Mayor Bill de Blasio wants New Yorkers to rat out their fellow citizens who are not following social distancing orders during the coronavirus pandemic by taking a photo of the violators on their cell phones and texting it to the city.
‘It’s simple: just snap a photo and text it to 311-692,’ the mayor tweeted Saturday.
In a video posted to his Twitter account, de Blasio praised the people of his city, saying: ‘You have been extraordinary at social distancing.’
‘It has taken every fiber of our beings to figure out how to do this because we’re warm, emotional people,’ he said.
‘We’re used to being close to each other.’
New York City Mayor Bill de Blasio posted a video message on Saturday asking city residents to ‘snap a photo and text it’ if they happen to see anyone failing to adhere to social distancing guidelines
New Yorkers were seen walking through Central Park wearing face masks on Saturday
One Twitter user said de Blasio’s proposal ‘is so un-American’
Another Twitter user noted that both Anne Frank and Harriet Tubman were in hiding and that de Blasio’s proposal likely would have meant outing them
Others said that de Blasio’s proposal is more suited to the Soviet Union, where citizens routinely snitched on one another
Another Twitter user told de Blasio: ‘Your communist roots are showing’
Another Twitter user called the New York mayor ‘a Karen’ – a derogatory term given to someone who complains about minor things
But the mayor added that ‘there’s some people who need to get the message.’
‘And that means sometimes making sure the enforcement is there to educate people and make clear we’ve got to have social distancing,’ the mayor said.
‘When you see a crowd, when you see a line that’s not distanced, when you see a supermarket that’s too crowded, you can report it right away so we can get there to help fix the problem.’
He added: ‘That’s going to stop spreading this disease. And that’s going to save lives.’
The mayor’s idea was not well-received on social media, where Twitter users blasted him for suggesting that city residents snitch on each other.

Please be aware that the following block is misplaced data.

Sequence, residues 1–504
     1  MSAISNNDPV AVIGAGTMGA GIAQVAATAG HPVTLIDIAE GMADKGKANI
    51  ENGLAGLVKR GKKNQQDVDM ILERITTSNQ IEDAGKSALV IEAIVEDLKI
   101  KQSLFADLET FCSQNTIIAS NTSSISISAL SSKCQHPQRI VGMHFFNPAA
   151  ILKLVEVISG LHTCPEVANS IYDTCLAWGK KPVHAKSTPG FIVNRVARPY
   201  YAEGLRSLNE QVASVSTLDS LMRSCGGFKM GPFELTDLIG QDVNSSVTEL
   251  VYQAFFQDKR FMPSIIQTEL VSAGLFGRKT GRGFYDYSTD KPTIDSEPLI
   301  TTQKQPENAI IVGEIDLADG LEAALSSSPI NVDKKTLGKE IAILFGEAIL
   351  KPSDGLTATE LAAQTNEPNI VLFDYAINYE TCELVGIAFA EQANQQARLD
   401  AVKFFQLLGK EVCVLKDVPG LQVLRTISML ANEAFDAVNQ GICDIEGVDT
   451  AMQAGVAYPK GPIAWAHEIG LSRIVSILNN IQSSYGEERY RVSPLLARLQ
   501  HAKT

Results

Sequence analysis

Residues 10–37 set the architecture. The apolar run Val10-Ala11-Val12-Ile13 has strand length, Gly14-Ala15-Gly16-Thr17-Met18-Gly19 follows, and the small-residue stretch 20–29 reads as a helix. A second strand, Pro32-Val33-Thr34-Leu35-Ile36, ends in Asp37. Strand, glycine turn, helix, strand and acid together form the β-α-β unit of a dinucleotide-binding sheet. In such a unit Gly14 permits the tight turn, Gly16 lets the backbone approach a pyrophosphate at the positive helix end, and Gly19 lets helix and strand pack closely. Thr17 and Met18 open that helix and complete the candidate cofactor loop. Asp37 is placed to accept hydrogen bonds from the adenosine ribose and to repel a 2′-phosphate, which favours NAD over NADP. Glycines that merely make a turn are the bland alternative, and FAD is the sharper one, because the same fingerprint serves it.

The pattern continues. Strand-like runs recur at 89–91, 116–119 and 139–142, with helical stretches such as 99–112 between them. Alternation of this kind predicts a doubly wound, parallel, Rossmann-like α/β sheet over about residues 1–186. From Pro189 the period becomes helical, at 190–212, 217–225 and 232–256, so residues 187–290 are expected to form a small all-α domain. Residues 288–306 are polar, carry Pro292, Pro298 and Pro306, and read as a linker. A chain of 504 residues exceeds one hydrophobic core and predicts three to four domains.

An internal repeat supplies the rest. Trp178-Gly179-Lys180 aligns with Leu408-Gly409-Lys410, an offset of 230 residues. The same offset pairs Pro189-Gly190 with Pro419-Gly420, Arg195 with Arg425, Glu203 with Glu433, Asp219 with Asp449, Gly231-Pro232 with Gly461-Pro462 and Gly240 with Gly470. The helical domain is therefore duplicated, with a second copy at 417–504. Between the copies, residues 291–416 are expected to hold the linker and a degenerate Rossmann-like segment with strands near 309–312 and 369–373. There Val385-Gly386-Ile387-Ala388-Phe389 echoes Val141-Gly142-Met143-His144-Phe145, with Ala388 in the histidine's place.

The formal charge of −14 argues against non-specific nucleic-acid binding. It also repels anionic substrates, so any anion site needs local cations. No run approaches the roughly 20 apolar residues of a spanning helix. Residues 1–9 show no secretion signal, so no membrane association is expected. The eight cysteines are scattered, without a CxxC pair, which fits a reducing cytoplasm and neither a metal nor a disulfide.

One Twitter user noted that Anne Frank and Harriet Tubman were also quarantined.
Tubman was an abolitionist who escaped slavery and then risked her life to help other slaves go free.
Frank was a Dutch Jewish girl whose family went into hiding during the Nazi occupation of Holland.
She was shipped off to the death camps after neighbors alerted the Nazi authorities to their hiding place.
Another Twitter user called the mayor a ‘Karen’ – a popular internet meme used to describe a person, usually a middle-aged white woman, who complains about usually minor things not being to their liking.
Another Twitter user said that de Blasio ‘asking people to snitch’ is ‘so un-American.’
Others commented that de Blasio’s message is more suited to Soviet Communism.
In the Soviet Union of the 1930s, citizens routinely snitched on one another to the authorities in an effort to improve their living conditions and curry favor with the government.
One Twitter user joked: ‘Comrade citizen! Report all suspected anti-distancing activities to friendly New York Ministry of Social Cleanliness!’
Another Twitter user commented: ‘Your communist roots are showing.
‘I noticed you said ‘enforcement’ and not law enforcement.
‘Is that because the cops in your own city hate your guts?’
Others on Twitter noted that de Blasio himself has been spotted out and about during the coronavirus lockdown.
The mayor, who lives in his official mansion on the Upper East Side of Manhattan, has been spotted going to his gym in Park Slope, Brooklyn.
He and his wife have also been spotted walking outside in public – even while he and other state, local, and national leaders have asked Americans to remain indoors during the pandemic.
New York Governor Andrew Cuomo announces state’s LOWEST daily death rate since April 1 and reveals cases have declined for several days – then tells Trump it’s ‘no time for politics’ and demands more federal funding for tests
New York Governor Andrew Cuomo took another swipe at Donald Trump on Saturday by channeling Abraham Lincoln saying there’s ‘no time for politics’ as he announced the state’s death rate has dropped to the lowest since April 1.
Speaking in his daily press briefing, Cuomo said he had some ‘good news’ for New Yorkers as he revealed that daily deaths, hospitalizations, intubations and ICU admissions continued to fall.
As the nation’s crisis epicenter seems to have reached its peak, Cuomo announced that 504 people died from coronavirus Friday, the lowest death toll since April 1 and far lower than the state’s peak of 806 on April 7.
The governor went on to make a series of thinly-veiled digs at Trump, in which he recited Lincoln’s famous quote – ‘a house divided itself cannot stand’ – and reminded him ‘that’s why we’re called the ‘United’ States.’